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FAMILY PRACTICE
Year : 2015  |  Volume : 4  |  Issue : 1  |  Page : 30-34

Assessment of depression in a primary care setting in Nigeria using the PHQ-9


1 Department of Psychiatry, Ekiti State University Teaching Hospital, Ado-Ekiti, Ekiti, Nigeria
2 Department of Family Medicine, Ekiti State University Teaching Hospital, Ado-Ekiti, Ekiti, Nigeria

Correspondence Address:
Adetunji Obadeji
Department of Psychiatry, Ekiti State University Teaching Hospital, Ado-Ekiti, Ekiti
Nigeria
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Source of Support: None, Conflict of Interest: None


DOI: 10.4103/2249-4863.152246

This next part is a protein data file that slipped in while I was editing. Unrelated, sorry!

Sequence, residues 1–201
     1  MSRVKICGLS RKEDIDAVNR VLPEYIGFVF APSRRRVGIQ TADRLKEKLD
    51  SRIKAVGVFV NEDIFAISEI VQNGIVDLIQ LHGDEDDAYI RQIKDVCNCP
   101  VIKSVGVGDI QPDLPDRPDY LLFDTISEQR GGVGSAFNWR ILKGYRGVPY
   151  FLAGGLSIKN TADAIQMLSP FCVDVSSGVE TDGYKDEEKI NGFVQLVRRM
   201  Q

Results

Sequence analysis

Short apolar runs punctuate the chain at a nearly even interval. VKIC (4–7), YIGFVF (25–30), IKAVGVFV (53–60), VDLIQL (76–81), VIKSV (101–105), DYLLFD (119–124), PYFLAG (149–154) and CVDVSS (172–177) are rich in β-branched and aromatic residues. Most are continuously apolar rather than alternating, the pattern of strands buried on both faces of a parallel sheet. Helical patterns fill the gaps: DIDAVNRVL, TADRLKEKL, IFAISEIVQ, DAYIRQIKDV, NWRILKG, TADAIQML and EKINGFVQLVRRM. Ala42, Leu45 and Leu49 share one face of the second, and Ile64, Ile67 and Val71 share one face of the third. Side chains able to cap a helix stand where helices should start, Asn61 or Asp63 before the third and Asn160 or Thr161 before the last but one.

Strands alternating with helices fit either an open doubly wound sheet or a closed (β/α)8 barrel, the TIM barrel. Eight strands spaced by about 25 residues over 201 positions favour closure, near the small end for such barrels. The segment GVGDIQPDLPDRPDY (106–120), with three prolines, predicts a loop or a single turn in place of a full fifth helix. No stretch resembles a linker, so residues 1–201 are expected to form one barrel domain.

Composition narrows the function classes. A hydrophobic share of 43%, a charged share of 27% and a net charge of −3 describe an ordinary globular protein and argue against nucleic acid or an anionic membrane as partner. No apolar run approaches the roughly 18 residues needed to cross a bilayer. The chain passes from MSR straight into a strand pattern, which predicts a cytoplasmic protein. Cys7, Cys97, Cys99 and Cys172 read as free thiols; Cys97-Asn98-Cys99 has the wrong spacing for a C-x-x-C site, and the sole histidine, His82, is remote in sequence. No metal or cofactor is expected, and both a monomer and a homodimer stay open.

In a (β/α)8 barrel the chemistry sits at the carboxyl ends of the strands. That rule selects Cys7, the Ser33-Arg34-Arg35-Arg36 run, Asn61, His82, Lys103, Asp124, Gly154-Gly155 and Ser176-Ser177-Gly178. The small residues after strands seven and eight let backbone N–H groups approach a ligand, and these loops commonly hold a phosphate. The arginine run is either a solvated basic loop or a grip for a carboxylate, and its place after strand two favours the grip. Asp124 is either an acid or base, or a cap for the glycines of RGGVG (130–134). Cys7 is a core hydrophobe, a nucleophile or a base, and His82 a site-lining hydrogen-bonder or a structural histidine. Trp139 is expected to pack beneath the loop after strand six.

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Context: Mental disorders are major contributors to the burden of diseases all over the world. In general practice, which provides essentially primary care, depression is the most common mental disorder seen and often goes unrecognized. Aims: The aims of the study were to determine the prevalence of depression, the variables associated with depression, and the degree of recognition by the Physician in family medicine unit. Setting and Design: A cross-sectional descriptive survey of consecutive patients who presented at the general medical out-patient unit of the State University Teaching Hospital, Ado-Ekiti, Nigeria was done. Materials and Methods: Data were collected using a questionnaire incorporating sociodemographic variables and primary diagnosis made by attending Physician. Depression was assessed with the PHQ-9. Results: Two hundred and seventy two patients were interviewed during the period of the study. Participants were mostly of 45 years or older (51.2%), female (59.9%), married (68.4%), and educated (85.7%). One hundred and thirty (47.8%) of the respondents had significant depressive symptoms with majority (49.2%) being classified as mild. Statistical analysis revealed significant association between depression and age, gender, marital status, and clinical diagnoses (P < 0.05). Over a quarter (28.7%) were presented with infectious diseases, other diagnoses made included cardiovascular disorders (15.8%), endocrine disorders (8.8%), psychiatric disorders other than depression (2.9%) and none had depression as primary diagnosis. Conclusions: The prevalence of depression among patients attending the general medical out-patient clinics is high and highly under-recognised.


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